6 Health Benefits of Black Currant (Ribes nigrum L)
The black currant is sometimes referred to as blackcurrant and known by its scientific name Ribes nigrum. This little shrub is indigenous to portions of northern and central Europe as well as Siberia, where it thrives in the frigid climate.
Black currants were known as “forbidden fruit” because they were prohibited from being grown and imported into various regions of the United States for more than 50 years. It was thought to be spreading a fungus that posed a hazard to the forestry sector.
Today, commercial expansion is permitted because the impacted trees have been bred to withstand these dangers.
The shrub is currently grown domestically and commercially for its nutrient-rich, sour berries.
Blackcurrants (Ribes nigrum L.) are little, berry-like fruits that are indigenous to northern and central Asia and central Europe. They are now grown in climatically moderate regions of the world.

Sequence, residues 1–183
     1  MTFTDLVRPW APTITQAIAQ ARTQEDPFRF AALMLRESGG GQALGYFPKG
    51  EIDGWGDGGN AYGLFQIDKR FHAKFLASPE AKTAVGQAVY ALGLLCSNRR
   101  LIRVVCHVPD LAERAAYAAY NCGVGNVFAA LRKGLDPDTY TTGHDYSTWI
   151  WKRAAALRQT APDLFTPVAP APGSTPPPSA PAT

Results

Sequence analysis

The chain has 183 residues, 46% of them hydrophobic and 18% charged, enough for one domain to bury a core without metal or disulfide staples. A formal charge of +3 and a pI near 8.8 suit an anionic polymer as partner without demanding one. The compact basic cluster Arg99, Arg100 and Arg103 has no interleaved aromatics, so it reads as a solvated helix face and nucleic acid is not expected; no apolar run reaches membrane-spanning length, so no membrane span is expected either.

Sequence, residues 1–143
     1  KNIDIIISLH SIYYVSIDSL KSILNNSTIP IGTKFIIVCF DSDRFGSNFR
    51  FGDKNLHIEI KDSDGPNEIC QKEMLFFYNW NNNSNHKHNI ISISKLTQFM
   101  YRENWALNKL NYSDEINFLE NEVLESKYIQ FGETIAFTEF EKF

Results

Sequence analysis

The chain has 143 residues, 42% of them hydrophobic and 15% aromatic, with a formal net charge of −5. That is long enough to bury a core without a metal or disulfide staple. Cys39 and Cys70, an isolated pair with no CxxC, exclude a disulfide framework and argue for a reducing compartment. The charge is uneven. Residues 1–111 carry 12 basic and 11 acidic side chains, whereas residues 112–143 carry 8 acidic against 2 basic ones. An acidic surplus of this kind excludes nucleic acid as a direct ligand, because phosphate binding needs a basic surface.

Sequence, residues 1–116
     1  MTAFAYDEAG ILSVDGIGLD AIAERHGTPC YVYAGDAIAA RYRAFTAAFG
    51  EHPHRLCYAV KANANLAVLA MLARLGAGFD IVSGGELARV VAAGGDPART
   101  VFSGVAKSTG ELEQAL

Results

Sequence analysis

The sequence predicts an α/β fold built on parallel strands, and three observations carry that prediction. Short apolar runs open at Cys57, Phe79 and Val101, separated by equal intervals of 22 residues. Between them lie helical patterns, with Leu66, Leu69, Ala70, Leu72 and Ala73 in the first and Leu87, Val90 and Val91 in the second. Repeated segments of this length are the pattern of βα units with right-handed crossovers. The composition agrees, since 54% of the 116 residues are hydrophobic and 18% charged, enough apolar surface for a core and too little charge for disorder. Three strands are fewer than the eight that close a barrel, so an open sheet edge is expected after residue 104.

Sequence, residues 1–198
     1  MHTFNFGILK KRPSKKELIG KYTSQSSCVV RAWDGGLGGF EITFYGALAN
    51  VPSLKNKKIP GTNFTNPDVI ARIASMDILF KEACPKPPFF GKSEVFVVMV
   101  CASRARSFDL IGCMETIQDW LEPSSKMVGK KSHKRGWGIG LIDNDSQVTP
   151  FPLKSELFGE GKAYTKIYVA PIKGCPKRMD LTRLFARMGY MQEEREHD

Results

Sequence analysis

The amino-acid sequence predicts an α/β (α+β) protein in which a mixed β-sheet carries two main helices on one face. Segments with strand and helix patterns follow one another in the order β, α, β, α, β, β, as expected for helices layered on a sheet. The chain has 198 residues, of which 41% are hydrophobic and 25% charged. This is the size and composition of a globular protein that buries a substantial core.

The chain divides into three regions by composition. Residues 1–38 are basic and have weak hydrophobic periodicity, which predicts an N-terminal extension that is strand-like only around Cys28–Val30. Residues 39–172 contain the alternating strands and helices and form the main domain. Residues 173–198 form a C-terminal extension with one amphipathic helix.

Along with other micro and macronutrients, fruits are particularly high in vitamin C, organic acids, and essential oils.
Thus, they have an acidic but sweet flavor. Additionally, they contain phenolic chemicals with antibacterial and antioxidant effects.
Blackcurrant leaves have special derivatives of quercetin. The anti-inflammatory, antiviral, and antiseptic properties are also aided by these active compounds.
Its extracts are used by conventional medicine to treat a range of illnesses, including cancer. There are numerous clinical studies available now that demonstrate the beneficial effects of blackcurrants on heart, brain, and renal problems.
Medium-sized shrub Ribes nigrum can reach heights of 1.5 by 1.5 meters (5 by 5 feet). The leaves have five palmate lobes and are alternating, simple, and 3 to 5 centimeters long and wide.
The plant’s scent is powerful in every area. The blooms are produced in racemes called “strigs” that can grow up to 8 cm (3 in) long, have 10–20 flowers, and measure around 8 mm (3/8 in) in diameter each. Each flower has a five-lobed, hairy calyx with yellow glands that is longer than the unnoticeable petals.